Analytical Solution of Ordinary Differential Equation

Ive had a few attempts at trying to answer this question but have been unsuccessful. Can anyone guide me through the answer so I know how to do it.

Differential Equation ---> y'=(2/x)y+(x^2)(e^x)

Show that the analytical solution is given by ---> y(x) = x^2(e^x - e)

Re: Analytical Solution of Ordinary Differential Equation

The question just asks to verify the given solution. Use this solution in the left- and right-hand sides of your differential equation and show that they are equal.

Re: Analytical Solution of Ordinary Differential Equation

Quote:

Originally Posted by

**NFS1** Ive had a few attempts at trying to answer this question but have been unsuccessful. Can anyone guide me through the answer so I know how to do it.

Differential Equation ---> y'=(2/x)y+(x^2)(e^x)

Show that the analytical solution is given by ---> y(x) = x^2(e^x - e)

If you are going to solve the DE

$\displaystyle \displaystyle \begin{align*} \frac{dy}{dx} &= \left(\frac{2}{x}\right)y + x^2e^x \\ \frac{dy}{dx} - \left(\frac{2}{x}\right)y &= x^2e^x \end{align*}$

Now multiplying both sides by the Integrating Factor $\displaystyle \displaystyle \begin{align*} e^{\int{-\frac{2}{x}\,dx}} = e^{-2\ln{x}} = e^{\ln{\left(x^{-2}\right)}} = x^{-2} \end{align*}$ gives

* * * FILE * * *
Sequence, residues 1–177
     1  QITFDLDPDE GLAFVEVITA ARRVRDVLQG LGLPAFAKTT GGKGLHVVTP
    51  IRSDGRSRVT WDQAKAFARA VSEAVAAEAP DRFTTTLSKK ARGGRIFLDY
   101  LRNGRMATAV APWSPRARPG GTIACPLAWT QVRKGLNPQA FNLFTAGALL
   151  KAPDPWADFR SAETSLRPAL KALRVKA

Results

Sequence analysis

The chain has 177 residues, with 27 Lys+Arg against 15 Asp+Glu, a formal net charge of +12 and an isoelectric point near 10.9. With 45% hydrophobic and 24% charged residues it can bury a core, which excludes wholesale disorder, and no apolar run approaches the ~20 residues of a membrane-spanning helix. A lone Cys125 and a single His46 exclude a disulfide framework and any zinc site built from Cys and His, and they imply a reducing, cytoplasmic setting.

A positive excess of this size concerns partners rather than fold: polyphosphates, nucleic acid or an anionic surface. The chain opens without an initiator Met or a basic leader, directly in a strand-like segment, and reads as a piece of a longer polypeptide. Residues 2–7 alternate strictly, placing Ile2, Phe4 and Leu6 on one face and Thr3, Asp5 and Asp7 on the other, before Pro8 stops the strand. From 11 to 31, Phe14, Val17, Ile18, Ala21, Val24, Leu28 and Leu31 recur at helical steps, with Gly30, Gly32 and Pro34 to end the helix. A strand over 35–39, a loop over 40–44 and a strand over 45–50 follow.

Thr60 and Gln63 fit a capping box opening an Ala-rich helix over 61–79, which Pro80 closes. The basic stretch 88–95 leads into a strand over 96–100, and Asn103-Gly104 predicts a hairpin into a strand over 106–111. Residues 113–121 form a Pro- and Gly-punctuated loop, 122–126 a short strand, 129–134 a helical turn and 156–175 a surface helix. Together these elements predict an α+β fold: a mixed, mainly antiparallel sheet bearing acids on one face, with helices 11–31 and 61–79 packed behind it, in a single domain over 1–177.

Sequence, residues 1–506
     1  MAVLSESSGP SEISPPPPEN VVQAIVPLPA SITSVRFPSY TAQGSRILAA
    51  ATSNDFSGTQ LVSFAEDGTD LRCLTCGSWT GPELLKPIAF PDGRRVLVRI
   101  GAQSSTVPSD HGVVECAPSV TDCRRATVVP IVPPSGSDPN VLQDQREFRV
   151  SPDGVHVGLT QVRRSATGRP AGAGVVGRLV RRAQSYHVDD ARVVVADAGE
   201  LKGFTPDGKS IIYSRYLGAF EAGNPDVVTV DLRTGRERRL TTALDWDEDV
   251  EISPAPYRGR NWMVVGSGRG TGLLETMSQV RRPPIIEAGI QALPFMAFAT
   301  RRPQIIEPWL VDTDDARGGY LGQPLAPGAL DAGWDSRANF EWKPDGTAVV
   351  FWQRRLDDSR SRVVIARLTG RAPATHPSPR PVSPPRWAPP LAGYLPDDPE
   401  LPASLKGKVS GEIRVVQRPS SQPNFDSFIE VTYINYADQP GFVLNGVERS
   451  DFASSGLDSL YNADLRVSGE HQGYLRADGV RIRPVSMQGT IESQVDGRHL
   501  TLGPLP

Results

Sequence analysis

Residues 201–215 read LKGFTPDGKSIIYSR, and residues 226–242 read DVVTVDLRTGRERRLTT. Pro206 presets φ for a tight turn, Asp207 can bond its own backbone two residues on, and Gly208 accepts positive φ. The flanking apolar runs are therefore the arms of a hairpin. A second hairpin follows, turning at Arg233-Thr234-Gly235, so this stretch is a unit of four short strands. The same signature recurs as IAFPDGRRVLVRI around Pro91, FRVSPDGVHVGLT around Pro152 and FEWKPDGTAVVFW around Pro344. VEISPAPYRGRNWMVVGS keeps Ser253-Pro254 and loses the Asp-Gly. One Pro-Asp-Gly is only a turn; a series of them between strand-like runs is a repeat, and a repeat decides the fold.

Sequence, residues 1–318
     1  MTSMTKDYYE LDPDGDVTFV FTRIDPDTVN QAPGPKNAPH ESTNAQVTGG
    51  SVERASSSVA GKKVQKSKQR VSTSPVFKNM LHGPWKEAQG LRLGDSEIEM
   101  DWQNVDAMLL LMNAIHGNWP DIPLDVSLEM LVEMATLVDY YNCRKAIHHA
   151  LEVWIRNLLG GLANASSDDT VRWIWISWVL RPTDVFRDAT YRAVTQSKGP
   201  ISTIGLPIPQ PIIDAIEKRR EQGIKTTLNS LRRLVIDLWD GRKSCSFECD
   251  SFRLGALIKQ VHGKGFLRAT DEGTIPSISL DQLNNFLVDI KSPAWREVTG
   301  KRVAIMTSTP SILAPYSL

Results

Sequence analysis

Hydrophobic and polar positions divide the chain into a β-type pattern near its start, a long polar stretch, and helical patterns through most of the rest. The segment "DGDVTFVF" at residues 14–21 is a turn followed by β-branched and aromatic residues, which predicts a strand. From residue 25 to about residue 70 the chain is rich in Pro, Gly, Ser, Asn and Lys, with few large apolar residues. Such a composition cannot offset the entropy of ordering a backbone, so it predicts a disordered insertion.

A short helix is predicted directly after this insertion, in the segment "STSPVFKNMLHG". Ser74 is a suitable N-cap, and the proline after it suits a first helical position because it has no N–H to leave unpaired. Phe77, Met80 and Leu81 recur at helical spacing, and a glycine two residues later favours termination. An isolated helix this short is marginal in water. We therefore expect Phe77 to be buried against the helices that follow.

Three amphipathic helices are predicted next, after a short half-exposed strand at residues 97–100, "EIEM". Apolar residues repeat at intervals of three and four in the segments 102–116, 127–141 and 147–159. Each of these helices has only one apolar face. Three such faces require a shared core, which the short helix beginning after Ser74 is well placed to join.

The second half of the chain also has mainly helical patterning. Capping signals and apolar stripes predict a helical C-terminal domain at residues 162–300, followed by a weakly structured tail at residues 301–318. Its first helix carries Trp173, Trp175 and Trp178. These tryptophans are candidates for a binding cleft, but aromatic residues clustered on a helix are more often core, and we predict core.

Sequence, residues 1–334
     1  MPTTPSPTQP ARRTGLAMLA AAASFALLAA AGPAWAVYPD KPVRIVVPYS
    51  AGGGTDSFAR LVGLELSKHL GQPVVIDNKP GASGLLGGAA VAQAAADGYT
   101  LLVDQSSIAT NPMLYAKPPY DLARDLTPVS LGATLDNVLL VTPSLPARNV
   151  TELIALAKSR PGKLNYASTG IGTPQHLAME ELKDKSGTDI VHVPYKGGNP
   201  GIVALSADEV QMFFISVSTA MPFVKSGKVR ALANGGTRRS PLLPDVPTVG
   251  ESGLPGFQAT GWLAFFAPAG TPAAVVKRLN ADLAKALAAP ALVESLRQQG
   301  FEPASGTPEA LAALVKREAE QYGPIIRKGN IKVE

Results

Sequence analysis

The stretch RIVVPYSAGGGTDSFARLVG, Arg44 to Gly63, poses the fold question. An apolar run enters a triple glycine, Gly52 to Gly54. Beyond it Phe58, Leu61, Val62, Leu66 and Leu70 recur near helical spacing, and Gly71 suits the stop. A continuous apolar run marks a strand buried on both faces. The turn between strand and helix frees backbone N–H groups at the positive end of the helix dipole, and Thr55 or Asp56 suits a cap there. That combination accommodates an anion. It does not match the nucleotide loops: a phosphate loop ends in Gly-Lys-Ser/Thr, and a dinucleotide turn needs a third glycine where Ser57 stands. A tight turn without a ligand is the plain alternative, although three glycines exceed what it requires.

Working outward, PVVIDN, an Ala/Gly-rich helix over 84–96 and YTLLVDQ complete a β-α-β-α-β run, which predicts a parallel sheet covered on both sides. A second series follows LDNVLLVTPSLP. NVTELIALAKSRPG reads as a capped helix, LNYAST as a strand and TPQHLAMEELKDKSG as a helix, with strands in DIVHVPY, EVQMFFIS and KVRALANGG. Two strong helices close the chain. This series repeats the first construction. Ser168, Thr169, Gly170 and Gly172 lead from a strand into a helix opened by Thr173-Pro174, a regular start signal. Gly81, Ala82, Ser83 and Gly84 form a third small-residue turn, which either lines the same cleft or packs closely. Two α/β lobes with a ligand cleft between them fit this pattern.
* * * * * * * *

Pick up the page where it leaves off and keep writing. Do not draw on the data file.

$\displaystyle \displaystyle \begin{align*} x^{-2}\,\frac{dy}{dx} - 2x^{-3}y &= e^x \\ \frac{d}{dx}\left(x^{-2}y\right) &= e^x \\ x^{-2}y &= \int{e^x\,dx} \\ x^{-2}y &= e^x + C \\ y &= x^2\left(e^x + C\right) \end{align*}$

Obviously C = e is a possibility.

Re: Analytical Solution of Ordinary Differential Equation

NFS1, do you understand that, as John D Malcolm said, this problem does NOT ask you to find the general solution? In this case it is fairly straightforward to solve, as Prove It showed, but you might have equations in the future that are much harder or impossible to solve in general- but it is easy to show that a given function satisfies the equation.

Re: Analytical Solution of Ordinary Differential Equation

Differential equation ----> xy'' + y' = x^2 can be written as d/dx(xy')=x^2 find analytical solution

So using steps Prove It has shown

> xy'=int(x^2)dx

> xy'=(x^3)/3

> y'=(x^2)/3

> y = (x^3)/9 as the analytical solution??

Re: Analytical Solution of Ordinary Differential Equation

As HallsofIvy and JohnD have said

> y=(x^3)/9

> y'=(x^2)/3

> y''=2x/3

substituting these into left and right hand side

>(2x^2)/3 + (x^2)/3 = x^2

>(3x^2)/3 = x^2

> x^2 = x^2

so they both equal and therefore my analytical solution is y=(x^3)/9 correct?

Re: Analytical Solution of Ordinary Differential Equation

Quote:

Originally Posted by

**NFS1** Differential equation ----> xy'' + y' = x^2 can be written as d/dx(xy')=x^2 find analytical solution

So using steps Prove It has shown

> xy'=int(x^2)dx

> xy'=(x^3)/3

> y'=(x^2)/3

> y = (x^3)/9 as the analytical solution??

Where are your integration constants?